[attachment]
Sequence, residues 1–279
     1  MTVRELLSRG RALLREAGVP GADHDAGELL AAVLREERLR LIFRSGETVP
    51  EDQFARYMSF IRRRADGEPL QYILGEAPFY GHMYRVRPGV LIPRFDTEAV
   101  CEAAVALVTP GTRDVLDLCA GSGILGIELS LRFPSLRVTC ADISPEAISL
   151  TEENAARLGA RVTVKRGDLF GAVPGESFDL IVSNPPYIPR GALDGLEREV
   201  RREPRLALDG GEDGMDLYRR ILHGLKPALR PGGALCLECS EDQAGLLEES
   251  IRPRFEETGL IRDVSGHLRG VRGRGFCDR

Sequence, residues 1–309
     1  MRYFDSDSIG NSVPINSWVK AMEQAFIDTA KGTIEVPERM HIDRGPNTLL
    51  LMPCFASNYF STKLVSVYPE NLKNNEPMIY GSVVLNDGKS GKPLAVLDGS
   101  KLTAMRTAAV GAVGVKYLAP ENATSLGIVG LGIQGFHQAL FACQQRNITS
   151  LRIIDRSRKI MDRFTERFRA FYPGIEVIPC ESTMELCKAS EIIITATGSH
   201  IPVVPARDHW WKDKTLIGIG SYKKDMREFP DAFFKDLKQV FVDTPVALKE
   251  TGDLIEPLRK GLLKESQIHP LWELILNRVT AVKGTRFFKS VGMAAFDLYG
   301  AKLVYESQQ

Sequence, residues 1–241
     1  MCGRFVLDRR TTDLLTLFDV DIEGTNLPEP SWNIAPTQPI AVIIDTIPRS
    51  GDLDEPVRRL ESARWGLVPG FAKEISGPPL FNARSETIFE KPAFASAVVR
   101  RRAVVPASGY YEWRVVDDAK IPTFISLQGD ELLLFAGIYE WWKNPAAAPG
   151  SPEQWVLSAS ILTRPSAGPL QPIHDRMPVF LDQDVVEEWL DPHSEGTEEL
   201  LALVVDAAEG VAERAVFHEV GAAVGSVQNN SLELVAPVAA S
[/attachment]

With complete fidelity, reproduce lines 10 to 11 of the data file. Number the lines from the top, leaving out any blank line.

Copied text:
    51  LMPCFASNYF STKLVSVYPE NLKNNEPMIY GSVVLNDGKS GKPLAVLDGS
   101  KLTAMRTAAV GAVGVKYLAP ENATSLGIVG LGIQGFHQAL FACQQRNITS